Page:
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Examiner
  • Ron Finke: All should work, all should pay

  • Raised by Depression-era parents, I come by my habit of saving things rather naturally. Some of you also were trained to put rubber bands in a special drawer because you might need them. Thus it is also natural that I have most, if not all, of my tax returns back to my first year of filing. It is not just history – it is my history.

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  • Raised by Depression-era parents, I come by my habit of saving things rather naturally. Some of you also were trained to put rubber bands in a special drawer because you might need them. Thus it is also natural that I have most, if not all, of my tax returns back to my first year of filing. It is not just history – it is my history.
    I began mowing lawns as a self-employed person at about 13. I realize now that I should have paid Social Security tax on the few hundred dollars a year I earned. The statute of limitations has thankfully run on my transgression.
    One of my patrons was the secretary of the building management company for the Medical Plaza Building across from St. Luke’s Hospital in Kansas City. She got me hired at age 15 as the groundskeeper for the building. I believe I made $2 an hour, a little more than minimum wage. It seemed I had more money than I have ever had since!
    So in early 1970, I filed my first return for 1969, declaring $973 in income and $24 of interest on about $600 in the bank. I got a refund of $83, but my tax was $12 to the federal government. It was only a hair over 1 percent, but I felt like I was making a contribution to the welfare of the country.
    After investing almost $15,000 in college education at Mizzou and Stanford, Karen and I married in May 1974 and began law school in August. That year we earned together $10,150, working for Stone Manufacturing in Kansas City, Retail Clerks Union Pension and Welfare Fund, and Scarritt College in Nashville. We paid $1,214 of federal tax or just under 12 percent.
    Four years later, after investing another $14,000 or so for my law school degree from Vanderbilt, Karen and I together earned almost $14,000 in 1978. We recall that I started as a lawyer, earning less than beginning teachers in the Independence School District. But of course, everyone knows lawyers make a lot of money! Our federal tax was $1,216 or 8.77 percent of our income. It may have dropped because we now had Greg and another personal exemption.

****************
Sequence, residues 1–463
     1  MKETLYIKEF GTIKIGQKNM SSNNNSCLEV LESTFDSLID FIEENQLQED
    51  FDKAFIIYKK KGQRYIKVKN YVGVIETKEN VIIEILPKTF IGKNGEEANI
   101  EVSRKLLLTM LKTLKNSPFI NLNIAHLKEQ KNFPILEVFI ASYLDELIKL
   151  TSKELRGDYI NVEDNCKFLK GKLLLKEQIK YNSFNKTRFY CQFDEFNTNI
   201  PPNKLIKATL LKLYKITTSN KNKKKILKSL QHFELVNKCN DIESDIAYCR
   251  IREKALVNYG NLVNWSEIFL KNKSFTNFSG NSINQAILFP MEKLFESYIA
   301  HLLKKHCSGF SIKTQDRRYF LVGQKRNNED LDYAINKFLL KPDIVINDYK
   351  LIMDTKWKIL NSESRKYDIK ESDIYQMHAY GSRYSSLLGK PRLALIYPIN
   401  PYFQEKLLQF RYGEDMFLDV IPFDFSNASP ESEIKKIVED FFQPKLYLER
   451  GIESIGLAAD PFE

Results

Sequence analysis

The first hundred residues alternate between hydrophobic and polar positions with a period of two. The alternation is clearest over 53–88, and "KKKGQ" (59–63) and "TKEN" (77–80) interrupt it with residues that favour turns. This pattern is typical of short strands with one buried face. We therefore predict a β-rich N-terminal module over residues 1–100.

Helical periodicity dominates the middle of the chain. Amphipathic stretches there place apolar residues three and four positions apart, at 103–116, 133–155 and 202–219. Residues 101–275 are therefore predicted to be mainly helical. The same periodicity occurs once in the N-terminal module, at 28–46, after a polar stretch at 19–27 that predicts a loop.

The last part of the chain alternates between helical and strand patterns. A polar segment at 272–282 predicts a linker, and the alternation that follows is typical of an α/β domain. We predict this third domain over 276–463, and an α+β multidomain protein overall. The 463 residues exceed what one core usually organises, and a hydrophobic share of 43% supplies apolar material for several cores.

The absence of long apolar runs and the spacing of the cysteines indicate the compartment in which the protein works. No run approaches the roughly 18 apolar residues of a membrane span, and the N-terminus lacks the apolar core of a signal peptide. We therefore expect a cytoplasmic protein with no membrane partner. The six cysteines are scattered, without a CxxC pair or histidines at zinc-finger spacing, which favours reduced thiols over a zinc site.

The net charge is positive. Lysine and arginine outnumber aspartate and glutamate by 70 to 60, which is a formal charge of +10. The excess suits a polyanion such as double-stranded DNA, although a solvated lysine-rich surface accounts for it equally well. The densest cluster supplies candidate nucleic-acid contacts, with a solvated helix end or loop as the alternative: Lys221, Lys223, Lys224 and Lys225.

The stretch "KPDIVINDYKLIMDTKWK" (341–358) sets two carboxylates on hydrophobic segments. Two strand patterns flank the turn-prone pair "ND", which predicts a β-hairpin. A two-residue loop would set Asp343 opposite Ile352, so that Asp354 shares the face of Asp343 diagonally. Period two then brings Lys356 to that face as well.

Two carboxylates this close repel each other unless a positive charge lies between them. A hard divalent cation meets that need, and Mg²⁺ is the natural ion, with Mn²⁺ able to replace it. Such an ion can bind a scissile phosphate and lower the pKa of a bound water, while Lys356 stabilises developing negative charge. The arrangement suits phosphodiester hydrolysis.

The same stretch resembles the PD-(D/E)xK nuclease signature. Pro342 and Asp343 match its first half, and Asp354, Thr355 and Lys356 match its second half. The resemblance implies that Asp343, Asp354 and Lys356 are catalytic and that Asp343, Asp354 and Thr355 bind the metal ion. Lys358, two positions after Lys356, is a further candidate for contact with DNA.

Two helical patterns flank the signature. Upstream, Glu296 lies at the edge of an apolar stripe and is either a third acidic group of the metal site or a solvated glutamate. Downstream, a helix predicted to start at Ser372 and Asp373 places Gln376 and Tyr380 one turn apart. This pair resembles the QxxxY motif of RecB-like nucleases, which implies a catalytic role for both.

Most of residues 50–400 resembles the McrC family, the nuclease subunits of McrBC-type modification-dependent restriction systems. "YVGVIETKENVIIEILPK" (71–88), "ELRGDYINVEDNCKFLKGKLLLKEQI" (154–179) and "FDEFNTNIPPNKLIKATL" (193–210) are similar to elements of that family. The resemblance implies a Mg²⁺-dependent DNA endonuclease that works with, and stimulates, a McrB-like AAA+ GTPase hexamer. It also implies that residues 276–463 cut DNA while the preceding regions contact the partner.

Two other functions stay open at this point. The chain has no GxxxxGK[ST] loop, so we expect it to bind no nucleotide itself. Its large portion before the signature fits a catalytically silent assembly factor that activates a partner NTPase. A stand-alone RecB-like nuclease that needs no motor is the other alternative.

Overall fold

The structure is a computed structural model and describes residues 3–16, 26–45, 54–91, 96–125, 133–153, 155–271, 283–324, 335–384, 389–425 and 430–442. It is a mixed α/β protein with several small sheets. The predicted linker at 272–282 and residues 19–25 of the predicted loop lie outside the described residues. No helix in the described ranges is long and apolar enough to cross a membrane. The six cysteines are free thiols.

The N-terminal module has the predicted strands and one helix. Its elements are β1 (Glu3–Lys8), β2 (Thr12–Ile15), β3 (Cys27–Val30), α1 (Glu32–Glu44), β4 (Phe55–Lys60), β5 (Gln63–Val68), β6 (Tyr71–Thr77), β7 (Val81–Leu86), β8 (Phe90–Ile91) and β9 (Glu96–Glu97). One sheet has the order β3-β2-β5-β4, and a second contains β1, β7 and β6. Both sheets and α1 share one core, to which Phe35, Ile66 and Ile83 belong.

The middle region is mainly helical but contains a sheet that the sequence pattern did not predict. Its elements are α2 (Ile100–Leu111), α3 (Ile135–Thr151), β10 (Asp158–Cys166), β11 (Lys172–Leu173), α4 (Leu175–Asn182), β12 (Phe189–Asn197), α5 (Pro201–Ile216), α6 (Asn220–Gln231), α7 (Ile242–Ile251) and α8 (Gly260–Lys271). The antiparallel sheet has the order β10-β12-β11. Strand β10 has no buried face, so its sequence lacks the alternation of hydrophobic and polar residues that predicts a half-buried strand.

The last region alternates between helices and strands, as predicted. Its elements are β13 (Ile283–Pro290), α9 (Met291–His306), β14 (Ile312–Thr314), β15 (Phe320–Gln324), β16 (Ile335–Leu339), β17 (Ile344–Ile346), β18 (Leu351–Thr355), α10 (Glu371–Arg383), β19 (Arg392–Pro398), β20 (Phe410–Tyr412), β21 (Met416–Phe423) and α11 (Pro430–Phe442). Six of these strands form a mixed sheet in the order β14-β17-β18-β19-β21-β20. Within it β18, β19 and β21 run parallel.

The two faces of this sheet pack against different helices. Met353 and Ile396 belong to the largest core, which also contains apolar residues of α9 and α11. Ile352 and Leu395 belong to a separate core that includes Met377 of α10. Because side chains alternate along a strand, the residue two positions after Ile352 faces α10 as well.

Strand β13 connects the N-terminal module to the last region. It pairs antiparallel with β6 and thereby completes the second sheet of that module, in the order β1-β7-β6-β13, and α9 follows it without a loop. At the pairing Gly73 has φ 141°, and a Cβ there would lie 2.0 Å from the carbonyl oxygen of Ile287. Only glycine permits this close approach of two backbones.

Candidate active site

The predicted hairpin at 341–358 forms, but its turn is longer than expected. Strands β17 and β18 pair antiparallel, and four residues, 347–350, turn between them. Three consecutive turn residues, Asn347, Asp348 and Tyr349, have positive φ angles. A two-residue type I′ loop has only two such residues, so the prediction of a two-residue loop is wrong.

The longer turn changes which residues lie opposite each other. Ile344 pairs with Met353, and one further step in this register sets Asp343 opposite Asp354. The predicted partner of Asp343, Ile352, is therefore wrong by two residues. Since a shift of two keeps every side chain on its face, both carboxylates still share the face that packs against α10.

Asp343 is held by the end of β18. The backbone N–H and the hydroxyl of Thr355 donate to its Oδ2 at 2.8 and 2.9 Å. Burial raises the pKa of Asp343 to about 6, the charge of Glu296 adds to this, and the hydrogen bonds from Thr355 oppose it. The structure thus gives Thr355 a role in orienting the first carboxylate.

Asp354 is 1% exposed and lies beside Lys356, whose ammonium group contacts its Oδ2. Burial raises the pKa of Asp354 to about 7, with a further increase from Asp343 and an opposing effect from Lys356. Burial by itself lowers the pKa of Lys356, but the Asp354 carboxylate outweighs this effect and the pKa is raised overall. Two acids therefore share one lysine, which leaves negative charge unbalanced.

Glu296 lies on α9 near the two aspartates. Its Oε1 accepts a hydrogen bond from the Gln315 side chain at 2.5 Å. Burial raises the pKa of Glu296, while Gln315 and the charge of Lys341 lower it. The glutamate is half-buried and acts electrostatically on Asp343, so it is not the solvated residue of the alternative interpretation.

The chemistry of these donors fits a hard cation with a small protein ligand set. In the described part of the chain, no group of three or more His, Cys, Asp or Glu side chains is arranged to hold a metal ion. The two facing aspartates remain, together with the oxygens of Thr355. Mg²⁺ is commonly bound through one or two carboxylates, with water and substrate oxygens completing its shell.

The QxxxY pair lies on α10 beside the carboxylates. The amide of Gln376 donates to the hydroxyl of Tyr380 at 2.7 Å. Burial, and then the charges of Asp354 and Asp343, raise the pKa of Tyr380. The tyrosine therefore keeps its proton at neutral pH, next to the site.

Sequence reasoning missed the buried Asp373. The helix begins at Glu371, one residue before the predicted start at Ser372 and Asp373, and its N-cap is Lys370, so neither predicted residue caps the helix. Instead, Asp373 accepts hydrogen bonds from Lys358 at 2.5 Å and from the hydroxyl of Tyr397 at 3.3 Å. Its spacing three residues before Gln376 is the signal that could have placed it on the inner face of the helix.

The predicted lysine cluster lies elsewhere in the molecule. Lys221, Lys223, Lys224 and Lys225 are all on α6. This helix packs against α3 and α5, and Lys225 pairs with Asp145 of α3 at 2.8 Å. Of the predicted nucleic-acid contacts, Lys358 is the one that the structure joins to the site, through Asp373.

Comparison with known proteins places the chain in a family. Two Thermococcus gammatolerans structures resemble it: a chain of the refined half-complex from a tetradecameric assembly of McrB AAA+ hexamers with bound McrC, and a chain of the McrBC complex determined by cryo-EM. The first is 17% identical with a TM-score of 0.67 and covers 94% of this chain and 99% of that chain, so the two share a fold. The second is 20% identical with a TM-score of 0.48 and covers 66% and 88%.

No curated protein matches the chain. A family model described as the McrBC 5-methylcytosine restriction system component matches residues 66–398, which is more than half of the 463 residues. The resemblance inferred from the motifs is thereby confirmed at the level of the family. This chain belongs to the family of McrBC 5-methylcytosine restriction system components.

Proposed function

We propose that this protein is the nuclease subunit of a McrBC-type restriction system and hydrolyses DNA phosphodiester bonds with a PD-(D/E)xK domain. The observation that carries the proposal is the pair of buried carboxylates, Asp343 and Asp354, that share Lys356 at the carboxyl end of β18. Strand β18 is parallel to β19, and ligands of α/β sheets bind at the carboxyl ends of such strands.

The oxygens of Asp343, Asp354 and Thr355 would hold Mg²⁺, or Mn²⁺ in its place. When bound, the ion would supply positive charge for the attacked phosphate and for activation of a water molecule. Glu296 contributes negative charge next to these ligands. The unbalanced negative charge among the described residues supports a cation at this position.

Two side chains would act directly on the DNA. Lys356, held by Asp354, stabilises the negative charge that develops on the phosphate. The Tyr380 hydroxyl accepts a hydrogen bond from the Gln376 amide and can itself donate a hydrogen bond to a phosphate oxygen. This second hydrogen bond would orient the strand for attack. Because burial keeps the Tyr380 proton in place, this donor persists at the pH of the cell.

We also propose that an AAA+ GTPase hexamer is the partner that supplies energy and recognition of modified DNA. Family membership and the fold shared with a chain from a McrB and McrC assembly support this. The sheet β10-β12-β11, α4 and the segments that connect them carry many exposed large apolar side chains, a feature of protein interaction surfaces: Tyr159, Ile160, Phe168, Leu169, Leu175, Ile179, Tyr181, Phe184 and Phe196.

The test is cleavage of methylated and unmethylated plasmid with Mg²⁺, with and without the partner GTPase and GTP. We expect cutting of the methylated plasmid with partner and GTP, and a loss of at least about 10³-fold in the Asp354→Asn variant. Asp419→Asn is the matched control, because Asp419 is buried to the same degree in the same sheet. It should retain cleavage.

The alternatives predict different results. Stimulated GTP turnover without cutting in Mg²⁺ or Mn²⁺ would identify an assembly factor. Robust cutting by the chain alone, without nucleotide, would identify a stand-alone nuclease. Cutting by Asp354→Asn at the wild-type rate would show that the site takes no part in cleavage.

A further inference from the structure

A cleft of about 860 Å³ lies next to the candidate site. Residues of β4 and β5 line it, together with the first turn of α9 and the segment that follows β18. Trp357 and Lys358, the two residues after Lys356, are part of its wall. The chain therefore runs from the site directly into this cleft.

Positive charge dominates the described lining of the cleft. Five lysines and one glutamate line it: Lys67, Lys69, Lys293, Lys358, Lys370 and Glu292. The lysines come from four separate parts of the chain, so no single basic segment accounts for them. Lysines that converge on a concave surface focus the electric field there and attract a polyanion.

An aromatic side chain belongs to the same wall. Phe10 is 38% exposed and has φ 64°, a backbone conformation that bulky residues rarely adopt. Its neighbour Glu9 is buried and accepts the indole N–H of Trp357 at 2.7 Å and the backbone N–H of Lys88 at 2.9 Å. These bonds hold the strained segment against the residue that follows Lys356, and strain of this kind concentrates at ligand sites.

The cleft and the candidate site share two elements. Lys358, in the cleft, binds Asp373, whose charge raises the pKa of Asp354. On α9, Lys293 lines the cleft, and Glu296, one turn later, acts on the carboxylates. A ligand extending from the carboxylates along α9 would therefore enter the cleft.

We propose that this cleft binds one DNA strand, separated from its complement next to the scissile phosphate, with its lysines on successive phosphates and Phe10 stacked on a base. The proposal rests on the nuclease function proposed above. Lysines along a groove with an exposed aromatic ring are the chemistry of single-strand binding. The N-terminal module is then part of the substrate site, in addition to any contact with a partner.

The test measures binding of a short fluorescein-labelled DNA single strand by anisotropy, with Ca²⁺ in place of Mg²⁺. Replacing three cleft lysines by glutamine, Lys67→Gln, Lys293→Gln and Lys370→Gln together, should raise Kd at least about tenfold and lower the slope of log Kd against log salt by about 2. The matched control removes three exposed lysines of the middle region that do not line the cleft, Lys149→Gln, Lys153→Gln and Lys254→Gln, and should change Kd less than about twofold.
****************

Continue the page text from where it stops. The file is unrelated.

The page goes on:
Twenty years later and following a lot of inflation, we paid a hair under 10 percent in federal tax. After another 10 years, in 2008 we paid a little more than 14 percent of our adjusted gross income in federal income tax. Last year I think it was a little more than 15 percent. But that is so recent I am not sure which electronic file holds my return!
    Nice story, Ron – what’s the point?
    I have paid federal income tax every year since I was 15. I have had a great career and I expected to be successful and always pay income tax. I feel good about being able to do it.
    But recently, not only do 47 or more percent of our population not pay any federal income tax, but millions of people, even college and graduate students now receive money from the taxpayers as earned income credits. Some of these same people complain about how bad they have it. They don’t even have any skin in the game!
    Page 2 of 2 - In my opinion, I have a duty not only to support my family if I can, but I owe a duty to support my various governments in their legitimate exercise of power and provision of necessary services for the public good. I also believe every able-bodied person old enough to work owes it to himself and the rest of us to take a job, even if he doesn’t like it, and pay some income tax, even if only 1 or 2 percent. We’ll all feel better about it.
    Ron Finke is president of Stewardship Capital, a registered investment adviser. This is general advice and not meant to contain specific recommendations. Reach Finke at rcfinke@stewcap.com.
     
     

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